You've probably heard that Korean (along with Japanese) is different than English due to confuscianism and the "social status" - mostly based on age - that comes along with that. Well what that means when it comes to learning how to say hi Korean is that you it's not quite as simple as just that - but it's not real difficult either!
The first way to say hi in Korean is the most formal way and personally I don't really recommend learning and using this one, since the next one I'll show you is more common - still formal formal, respectful, but a bit more casual - and there's really no point in learning all 3 since it can be a bit overwhelming and that energy could be put into learning something else more useful (just my opinion)!
So the first one is...
(The romanization is something like...Anyoung Hashimnikka? - I say "something like" because the system for romanizing Korean has changed enough times that there are more than too many different spellings for so many words that I don't really care which one is deemed "correct" at the time, especially since as I write this they are currently revising it again. And if you are planning on learning more than just how to say hi in Korean, I really don't recommend you rely romanization to learn how to say things - learning how to read Korean can seriously be done in a few hours if you really just sit down and focus on it).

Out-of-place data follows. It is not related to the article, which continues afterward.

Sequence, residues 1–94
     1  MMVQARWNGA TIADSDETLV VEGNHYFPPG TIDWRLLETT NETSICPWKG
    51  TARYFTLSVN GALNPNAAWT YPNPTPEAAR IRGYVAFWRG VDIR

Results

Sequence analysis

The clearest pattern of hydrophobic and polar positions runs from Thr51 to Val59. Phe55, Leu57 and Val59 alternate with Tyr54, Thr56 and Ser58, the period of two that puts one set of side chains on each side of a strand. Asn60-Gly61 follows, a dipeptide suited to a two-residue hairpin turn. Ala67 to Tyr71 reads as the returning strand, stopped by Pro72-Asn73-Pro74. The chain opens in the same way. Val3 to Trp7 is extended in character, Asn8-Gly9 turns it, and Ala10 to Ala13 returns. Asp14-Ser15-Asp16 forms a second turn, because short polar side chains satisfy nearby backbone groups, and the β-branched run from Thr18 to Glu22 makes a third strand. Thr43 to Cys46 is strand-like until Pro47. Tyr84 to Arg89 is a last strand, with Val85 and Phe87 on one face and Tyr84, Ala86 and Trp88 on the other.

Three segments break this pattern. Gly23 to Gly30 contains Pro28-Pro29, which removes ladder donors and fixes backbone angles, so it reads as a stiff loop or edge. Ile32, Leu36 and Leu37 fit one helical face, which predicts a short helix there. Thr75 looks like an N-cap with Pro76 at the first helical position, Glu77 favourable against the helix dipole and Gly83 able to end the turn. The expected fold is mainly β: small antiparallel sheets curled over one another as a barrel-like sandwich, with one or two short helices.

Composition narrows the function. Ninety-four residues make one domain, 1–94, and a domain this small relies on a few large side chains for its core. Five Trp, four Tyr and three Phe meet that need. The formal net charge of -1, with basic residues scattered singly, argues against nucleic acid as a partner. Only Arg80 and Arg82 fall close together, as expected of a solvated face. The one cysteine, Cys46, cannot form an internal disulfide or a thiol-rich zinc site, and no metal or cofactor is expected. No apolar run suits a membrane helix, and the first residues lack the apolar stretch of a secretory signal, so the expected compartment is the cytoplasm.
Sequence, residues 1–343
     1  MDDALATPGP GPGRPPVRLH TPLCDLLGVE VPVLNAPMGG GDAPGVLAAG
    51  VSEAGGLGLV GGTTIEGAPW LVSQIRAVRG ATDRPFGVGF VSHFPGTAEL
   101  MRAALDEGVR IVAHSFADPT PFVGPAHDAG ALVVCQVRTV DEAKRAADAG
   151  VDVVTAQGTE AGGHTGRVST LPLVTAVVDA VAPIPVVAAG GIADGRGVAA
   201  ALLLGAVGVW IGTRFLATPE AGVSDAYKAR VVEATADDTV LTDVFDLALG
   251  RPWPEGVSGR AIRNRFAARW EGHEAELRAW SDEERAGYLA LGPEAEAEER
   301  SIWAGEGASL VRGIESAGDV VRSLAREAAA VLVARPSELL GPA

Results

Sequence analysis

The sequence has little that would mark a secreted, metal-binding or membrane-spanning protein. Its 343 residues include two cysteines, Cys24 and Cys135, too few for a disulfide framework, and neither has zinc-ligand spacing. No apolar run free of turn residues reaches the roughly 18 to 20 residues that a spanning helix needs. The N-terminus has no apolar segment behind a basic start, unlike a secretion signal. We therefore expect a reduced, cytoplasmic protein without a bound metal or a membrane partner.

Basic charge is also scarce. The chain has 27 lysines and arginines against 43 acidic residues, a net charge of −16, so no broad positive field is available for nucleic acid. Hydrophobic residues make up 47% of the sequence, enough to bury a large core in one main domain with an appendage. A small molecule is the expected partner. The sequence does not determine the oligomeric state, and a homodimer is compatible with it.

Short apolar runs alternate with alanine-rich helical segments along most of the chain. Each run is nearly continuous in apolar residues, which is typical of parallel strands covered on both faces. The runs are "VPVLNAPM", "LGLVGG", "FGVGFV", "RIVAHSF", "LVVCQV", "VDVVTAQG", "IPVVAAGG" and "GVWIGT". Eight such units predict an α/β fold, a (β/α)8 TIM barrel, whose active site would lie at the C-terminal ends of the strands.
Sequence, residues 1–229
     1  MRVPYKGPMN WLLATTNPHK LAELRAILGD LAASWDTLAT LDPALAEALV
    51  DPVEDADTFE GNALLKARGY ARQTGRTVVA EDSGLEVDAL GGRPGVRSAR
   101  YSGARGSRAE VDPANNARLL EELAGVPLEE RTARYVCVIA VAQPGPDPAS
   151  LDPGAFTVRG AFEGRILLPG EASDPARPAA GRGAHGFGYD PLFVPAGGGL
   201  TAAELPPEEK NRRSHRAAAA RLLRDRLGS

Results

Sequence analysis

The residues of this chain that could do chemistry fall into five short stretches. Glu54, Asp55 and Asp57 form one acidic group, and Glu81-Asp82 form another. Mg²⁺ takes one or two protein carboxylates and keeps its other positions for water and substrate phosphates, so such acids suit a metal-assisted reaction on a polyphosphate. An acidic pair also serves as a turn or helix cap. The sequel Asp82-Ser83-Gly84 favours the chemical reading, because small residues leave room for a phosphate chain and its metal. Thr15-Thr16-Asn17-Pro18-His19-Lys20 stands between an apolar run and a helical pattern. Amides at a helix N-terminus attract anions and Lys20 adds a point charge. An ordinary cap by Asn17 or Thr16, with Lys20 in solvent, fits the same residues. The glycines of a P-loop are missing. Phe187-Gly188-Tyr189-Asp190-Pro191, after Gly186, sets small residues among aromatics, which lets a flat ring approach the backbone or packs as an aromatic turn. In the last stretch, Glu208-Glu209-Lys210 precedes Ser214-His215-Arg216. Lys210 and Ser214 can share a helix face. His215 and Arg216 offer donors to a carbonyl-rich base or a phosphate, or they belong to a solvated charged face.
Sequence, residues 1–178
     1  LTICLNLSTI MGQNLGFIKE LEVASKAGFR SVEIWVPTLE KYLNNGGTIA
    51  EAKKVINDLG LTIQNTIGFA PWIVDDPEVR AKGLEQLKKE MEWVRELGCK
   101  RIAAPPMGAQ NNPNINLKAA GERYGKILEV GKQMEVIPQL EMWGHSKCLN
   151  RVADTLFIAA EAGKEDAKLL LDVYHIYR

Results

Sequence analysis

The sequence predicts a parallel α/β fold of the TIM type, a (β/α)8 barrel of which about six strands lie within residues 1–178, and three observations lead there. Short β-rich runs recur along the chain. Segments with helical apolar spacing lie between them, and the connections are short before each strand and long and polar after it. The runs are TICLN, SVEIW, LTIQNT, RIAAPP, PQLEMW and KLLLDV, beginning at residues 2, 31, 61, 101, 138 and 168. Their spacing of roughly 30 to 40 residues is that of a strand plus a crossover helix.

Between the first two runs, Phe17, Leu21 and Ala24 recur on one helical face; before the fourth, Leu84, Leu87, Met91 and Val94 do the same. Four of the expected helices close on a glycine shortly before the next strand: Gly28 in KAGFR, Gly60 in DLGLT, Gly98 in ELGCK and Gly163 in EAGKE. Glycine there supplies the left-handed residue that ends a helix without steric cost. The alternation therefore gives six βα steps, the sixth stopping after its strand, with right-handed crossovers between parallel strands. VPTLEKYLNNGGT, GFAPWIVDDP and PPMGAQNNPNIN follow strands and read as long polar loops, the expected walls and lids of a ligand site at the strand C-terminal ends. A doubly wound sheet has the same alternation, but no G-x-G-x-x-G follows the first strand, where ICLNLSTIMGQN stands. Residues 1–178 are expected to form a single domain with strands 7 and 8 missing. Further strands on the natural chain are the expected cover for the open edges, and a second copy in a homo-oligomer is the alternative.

The next, and probably most common way of saying hello or hi in Korean is...
(this one is a bit more casual than the first, but still quite formal - you would almost never greet someone older than you or in a higher "position" in anything less formal than this)
The third and also very common way to say hi in Korean is exactly the first two syllables of the two above examples...
(this is very commonly used, but only ever with someone you are familiar with and is the same age as you, or someone younger than you or in a lower "position" than you).
For the first two mentioned, you would usually throw in a bow (a slight bow is fine, at least you're trying) as you said them as well - it can take some getting used to, but really goes a long way when it comes to first impressions. Think of it as if you held out your hand to shake someone else's and they just just smiled and looked at you. Not really the most friendly gesture to start off with, even if it's a totally innocent mistake.
Anyways, hope that helps. I will be posting some vids helping with the pronunciation of those different forms of hello as well.
P.S. Oh yeah, I almost forgot! Hi in Korean on the telephone is 여보세요. Not real important to you just yet probably, but an interesting little tip (maybe).